Some of the most enlightening conversations we’ve had with business owners and executives have been about their lives, their perspectives and opinions — where they came from; how they moved up in the ranks; how and why they got into the industry or started their own businesses. What they saw happening in their industry that made them dream up a better way. There are usually several people within a company that have a strong point of view — especially sales people who are closest to the customer. Tap them. A thoughtful listener can draw insights that can lead to solid content ideas.
An example: during one of our conversations with a manufacturing client’s sales rep, he talked about how his distributors did not truly understand how his product could be used throughout a facility. Since distributors were so crucial to reaching end-user customers, specific, educational content was developed that literally walked them through a scenario and showed, step-by-step, where the opportunities were.
Another example: a financial services client was acquiring another firm whose principal was retiring. In casually discussing it further, we determined that this could be (and was in fact) a broader industry trend. Plus, it impacted investors — making it a perfect topic to sell to the media. That angle led to a cover story article, and positive reaction from the client’s customers and business partners.
5. Take a Reporter’s Perspective
What kinds of questions would they ask? What would they be interested in? What is it about your business, your customers, your industry that a reporter should be interested in? Step back and really think about this one. Commenting on industry trends and common user issues are great places to start.
6. Expand Your Sources
What else would a reporter do besides ask good questions of an interview source? He or she would talk to other people. So, expand your sources instead of always building content around a single source, or a specific product or service.
Take a hot topic and include your company’s executive, end-user companies, a key industry association spokesperson and a respected editor or blogger, and turn it into a roundtable discussion (just like a magazine would). How good would your company look if it sponsored and shared a conversation like this?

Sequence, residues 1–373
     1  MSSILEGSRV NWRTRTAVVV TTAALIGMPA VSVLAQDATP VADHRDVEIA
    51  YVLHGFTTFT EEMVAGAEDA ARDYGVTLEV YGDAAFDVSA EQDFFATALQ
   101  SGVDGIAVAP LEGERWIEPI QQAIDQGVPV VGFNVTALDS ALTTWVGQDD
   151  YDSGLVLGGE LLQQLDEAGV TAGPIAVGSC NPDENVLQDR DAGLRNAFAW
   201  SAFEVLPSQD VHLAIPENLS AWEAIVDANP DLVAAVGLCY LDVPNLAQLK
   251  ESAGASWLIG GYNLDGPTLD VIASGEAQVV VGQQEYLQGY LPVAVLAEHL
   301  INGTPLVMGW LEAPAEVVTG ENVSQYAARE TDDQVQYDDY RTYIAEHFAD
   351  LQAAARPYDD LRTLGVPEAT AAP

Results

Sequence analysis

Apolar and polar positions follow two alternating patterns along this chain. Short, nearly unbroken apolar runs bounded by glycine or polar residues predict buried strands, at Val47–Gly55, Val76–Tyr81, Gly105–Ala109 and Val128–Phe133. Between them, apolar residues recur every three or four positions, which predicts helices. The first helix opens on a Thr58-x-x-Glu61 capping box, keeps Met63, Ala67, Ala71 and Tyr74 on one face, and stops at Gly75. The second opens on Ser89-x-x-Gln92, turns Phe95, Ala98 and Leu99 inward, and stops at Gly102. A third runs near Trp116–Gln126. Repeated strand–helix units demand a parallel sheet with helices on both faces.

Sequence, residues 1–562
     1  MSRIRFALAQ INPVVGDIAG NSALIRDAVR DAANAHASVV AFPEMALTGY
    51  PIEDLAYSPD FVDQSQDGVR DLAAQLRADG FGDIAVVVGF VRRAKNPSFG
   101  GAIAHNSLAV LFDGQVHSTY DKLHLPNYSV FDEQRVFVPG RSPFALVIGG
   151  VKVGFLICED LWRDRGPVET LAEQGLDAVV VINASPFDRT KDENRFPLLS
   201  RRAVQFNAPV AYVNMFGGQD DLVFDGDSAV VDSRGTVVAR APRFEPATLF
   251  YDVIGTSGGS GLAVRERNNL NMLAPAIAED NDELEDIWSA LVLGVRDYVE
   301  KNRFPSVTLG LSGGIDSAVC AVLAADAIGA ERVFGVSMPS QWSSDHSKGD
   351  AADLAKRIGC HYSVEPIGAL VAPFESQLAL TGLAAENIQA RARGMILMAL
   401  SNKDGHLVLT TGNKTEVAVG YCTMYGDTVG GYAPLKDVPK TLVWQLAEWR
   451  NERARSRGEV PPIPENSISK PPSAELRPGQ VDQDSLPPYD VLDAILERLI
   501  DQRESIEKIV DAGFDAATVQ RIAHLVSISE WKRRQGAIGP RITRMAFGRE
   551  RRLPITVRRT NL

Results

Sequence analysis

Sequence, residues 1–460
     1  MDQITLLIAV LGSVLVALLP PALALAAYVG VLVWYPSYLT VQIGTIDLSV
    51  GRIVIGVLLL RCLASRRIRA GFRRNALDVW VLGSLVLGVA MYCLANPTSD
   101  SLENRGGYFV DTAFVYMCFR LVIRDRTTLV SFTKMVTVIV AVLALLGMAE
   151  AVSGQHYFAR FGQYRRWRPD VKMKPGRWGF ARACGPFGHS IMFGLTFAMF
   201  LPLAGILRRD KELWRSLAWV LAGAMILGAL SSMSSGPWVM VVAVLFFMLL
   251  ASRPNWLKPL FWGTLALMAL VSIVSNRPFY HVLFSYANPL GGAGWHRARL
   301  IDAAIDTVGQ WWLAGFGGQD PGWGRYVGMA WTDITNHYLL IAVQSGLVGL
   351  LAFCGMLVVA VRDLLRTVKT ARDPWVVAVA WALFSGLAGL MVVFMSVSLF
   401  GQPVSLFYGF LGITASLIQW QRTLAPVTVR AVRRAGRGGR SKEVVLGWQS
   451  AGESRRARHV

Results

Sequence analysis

7. Prepare to be Interesting
For help with writing style and tone, look at the writing styles and topics you like to read outside of business publications. How do the authors frame the content and keep your interest? What tone or perspective do they take? Can you see personality in their writing?
Taking a completely different viewpoint about ways you could approach a subject can give you many ideas for developing educational content. This tip is particularly useful if you’re just starting out with a blog or on social channels. (And, note that if your company has an established brand voice, you may not have as much freedom with writing styles.)
8. Talk Like a Person, Not a Company
Formal business-speak has thankfully been abandoned for (gasp) conversation! Your tone, your jargonless copy, and basically, just being real is the best way to approach your topic — and usually, makes your piece more fun to read.
9. Use a Q&A Format
Another opportunity many miss is to conduct a basic Q&A with people inside the company (from researchers to sales) and even customers. These are easier to write, and can be a fresh source of surprisingly good information.
10. Learn from other Thought Leaders
Who are the thought leaders you follow? Learn and apply how they are leveraging digital and social channels, the kinds of content and tone of the information they put out.
With all of these pointers in hand, conducting a one-hour long group exercise of “Thinking like a Journalist” with your staff should easily generate dozens of ideas for new content to be used in various ways.
While sky’s-the-limit marketing campaigns are not feasible for most companies’ pocketbooks, you can afford to think rich when it comes to content marketing.
One of our favorite questions for clients is, ‘If you were speaking to a room filled with 200 potential buyers of your product or service, what’s the one thing you’d want to tell them?’ Then find a way to couch that message into content that is educational to your audience.
About Susan Duensing
Susan Duensing, Certified Business Communicator, is Partner and Co-Founder at Element-R Partners, LLC, specialists in relevant and results-oriented B2B marketing communications. DoubleTake Design has partnered with Element-R for over a decade, bringing our respective expertise to bear on behalf of our clients. Contact Susan at email@example.com.